The final standard I would bring to a discussion of the LMS is that the result should be as close to the open Internet as humanly possible. That means faculty have to be able to employ tools that exist entirely outside their LMS if they so choose, like Slack or Hypothes.is, the open source web annotation program. The best LMS available will play well with programs like these, as Canvas has tried to do – and I think the most recent versions of Blackboard does too – so that faculty can run them inside their campus shells with no extra logins and little trouble. To do otherwise is to go back to the days of Internet walled gardens, like America Online. And after all, college campuses are the kinds of places that are supposed to be on the cutting edge of technology since they have so many smart people on them. Treat those smart people like the average corporate peon when it comes to how they teach – the action at the center of their job descriptions – and you are going to have a lot of very unhappy smart people on your hands.

Moral Philosophy Courses Can Change Students’ Behavior

Published by Anonymous (not verified) on Sat, 13/07/2019 - 1:08am in

The share of meal plan expenditures on meat by students who took part in a philosophy class on the ethics of eating animals declined from 52% to 45%, with “no evidence that meat-eating rates went back up during the two months data was monitored,” according to a recent study whose authors believe it provides evidence for the claim that “ethics classes can influence student behavior.”

Giuseppe Arcimboldo, “Vertumnus”

The study, by  Eric Schwitzgebel (UC Riverside), Brad Cokelet (University of Kansas), and Peter Singer (Princeton), was presented at the 2019 Meeting of the Society for Philosophy and Psychology.

“In the current environment where people are not reasoning so well, it is heartening to learn that rational thinking changes behavior,” said Cokelet, according to a press release from the University of Kansas. “A lot of psychologists have produced results saying most of us—most of the time—make our decisions based on emotion or gut instinct. Then after the fact, we rationalize what we’ve done. So reason is not in the driver’s seat. This is evidence reason can be in the driver’s seat for some people.”

The study design and methods are posted at Professor Schwitzgebel’s blog. It involved over 1100 UC Riverside students in four lower-level philosophy courses. Half the students prepared for and took part in a class session on the ethics of meat-eating, while the other half (the control group) did the same for a session on charitable giving.

The investigators then examined available campus dining card purchases data and saw the average decline in non-vegetarian purchases only among the students who took part in the session on eating meat. Further details here.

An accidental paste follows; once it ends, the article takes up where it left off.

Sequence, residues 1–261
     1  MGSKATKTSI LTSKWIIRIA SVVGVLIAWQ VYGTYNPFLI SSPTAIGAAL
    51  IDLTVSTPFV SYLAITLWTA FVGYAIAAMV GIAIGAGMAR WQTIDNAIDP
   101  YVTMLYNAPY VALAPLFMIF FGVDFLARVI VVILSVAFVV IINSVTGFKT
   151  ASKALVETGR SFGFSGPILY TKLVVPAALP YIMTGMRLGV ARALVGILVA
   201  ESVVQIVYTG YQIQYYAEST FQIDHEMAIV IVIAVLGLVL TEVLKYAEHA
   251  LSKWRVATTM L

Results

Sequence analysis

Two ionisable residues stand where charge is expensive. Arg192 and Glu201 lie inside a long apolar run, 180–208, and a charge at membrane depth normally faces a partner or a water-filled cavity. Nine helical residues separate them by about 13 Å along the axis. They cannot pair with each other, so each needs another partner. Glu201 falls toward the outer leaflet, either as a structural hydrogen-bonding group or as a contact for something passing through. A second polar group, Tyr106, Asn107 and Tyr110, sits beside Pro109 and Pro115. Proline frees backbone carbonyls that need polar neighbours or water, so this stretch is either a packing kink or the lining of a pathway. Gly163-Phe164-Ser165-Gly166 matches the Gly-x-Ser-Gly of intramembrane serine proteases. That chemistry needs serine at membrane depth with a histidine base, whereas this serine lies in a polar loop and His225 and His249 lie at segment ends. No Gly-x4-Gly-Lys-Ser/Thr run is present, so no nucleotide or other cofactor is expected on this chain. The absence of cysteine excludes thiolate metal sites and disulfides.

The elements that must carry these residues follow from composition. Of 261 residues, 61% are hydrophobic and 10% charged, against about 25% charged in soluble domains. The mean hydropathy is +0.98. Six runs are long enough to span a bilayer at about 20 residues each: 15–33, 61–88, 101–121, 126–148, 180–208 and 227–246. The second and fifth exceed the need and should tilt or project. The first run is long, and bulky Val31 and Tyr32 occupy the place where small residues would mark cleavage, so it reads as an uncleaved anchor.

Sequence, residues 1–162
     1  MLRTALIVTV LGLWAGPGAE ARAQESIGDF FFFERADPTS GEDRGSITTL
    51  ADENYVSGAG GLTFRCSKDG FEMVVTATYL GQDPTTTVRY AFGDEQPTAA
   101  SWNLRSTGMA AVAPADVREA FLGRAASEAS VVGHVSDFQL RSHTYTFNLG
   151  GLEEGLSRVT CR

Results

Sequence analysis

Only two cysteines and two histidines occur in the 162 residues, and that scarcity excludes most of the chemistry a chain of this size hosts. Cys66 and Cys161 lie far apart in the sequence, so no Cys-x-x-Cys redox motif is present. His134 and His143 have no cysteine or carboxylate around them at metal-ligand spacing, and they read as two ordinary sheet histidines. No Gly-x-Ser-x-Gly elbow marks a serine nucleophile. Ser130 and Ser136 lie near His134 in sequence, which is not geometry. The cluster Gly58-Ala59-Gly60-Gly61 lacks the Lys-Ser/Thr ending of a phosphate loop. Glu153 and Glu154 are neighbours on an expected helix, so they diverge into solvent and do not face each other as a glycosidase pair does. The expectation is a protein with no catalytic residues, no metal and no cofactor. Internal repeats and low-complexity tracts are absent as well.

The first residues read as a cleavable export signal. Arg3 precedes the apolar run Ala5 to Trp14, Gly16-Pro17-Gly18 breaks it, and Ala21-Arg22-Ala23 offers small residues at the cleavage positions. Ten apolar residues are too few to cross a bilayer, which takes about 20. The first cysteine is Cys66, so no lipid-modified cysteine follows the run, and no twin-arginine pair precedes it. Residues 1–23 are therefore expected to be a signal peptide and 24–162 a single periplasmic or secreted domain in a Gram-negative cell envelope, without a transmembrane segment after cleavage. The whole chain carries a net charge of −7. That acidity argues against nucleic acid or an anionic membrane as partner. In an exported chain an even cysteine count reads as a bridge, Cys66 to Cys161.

The post Moral Philosophy Courses Can Change Students’ Behavior appeared first on Daily Nous.

Teaching-Focused Philosophy PhD Programs

Published by Anonymous (not verified) on Wed, 26/06/2019 - 10:53pm in

Which philosophy PhD programs focus on training students to teach and getting them placed into permanent teaching-oriented jobs (with some success)?

Philippe Baudelocque, “Universe”

A philosophy professor wrote in saying that there are regularly students in his MA program who want to pursue a teaching “track” but that they’ve been unable to get a good sense of whether any PhD programs are particularly oriented towards that, or have options to pursue something like that, and if so which ones.

If you’re aware of departments that are particularly teaching-focused, or have a teaching-focused option, let us know about them.

Related: “An Approach to Teacher Training in Philosophy Departments“, “How to Teach (Philosophy): Readings Sought“, “Diverse Teaching Experiences and the Philosophy Job Market“, “Preparing Teaching Assistants

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Crash Course: Metaphysics & Epistemology of Race

Published by Anonymous (not verified) on Thu, 13/06/2019 - 11:45pm in


teaching, reading

Welcome to another installment of the “Crash Course” series, this time on the metaphysics and epistemology of race. 

Jacob Lawrence, “The Library”

As with other installments in the crash course series, the idea is to come up with a set of primary readings a person could reasonably complete in 1-3 weeks that provides a sense of the central developments and matters of dispute in the selected area, as background to further study in it.

The key here is to provide a set of readings that makes sense together, not to just make one-off suggestions. Here’s a great example of the kind of answer we’re looking for, from our crash course on the epistemology of disagreement; note that it contains several works, organized in a particular order. Additionally, while resources like the Stanford Encyclopedia of Philosophy and the Internet Encylopedia of Philosophy are very useful, please refrain from including reference materials in your list.

As an additional source of information, I’m happy to share this schematic of current debates in the metaphysics and epistemology of race put together by Quayshawn Spencer (University of Pennsylvania). You are welcome to suggest sets of readings on the M&E of race in general, or on any significant debate within this area.

Thank you.

The post Crash Course: Metaphysics & Epistemology of Race appeared first on Daily Nous.

Representation at the APA